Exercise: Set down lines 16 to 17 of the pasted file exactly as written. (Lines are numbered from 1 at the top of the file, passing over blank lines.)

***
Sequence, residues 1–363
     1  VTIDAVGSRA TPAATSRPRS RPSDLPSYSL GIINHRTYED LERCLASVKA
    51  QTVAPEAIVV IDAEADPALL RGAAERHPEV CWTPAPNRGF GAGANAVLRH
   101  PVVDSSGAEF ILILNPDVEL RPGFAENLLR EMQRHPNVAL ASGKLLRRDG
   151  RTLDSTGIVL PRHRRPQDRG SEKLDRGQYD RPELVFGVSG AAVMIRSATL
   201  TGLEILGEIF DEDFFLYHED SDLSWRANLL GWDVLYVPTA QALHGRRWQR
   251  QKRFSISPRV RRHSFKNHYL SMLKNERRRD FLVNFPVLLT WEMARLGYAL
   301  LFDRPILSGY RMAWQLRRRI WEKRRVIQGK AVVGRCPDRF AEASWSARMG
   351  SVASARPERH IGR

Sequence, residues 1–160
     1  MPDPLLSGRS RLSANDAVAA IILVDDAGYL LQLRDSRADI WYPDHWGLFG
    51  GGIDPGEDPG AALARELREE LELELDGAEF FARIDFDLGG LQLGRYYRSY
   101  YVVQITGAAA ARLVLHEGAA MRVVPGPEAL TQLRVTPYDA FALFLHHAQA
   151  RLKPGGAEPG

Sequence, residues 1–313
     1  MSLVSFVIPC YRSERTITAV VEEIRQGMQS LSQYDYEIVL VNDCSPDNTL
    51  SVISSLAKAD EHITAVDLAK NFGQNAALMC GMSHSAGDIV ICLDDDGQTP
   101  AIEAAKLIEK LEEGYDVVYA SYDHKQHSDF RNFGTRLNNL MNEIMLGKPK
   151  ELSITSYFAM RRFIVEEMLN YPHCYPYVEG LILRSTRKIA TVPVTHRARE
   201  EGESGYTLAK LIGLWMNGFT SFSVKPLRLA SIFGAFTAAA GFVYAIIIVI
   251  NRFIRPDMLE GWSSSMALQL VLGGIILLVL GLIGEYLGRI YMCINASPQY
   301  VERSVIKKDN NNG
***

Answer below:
     1  MSLVSFVIPC YRSERTITAV VEEIRQGMQS LSQYDYEIVL VNDCSPDNTL
    51  SVISSLAKAD EHITAVDLAK NFGQNAALMC GMSHSAGDIV ICLDDDGQTP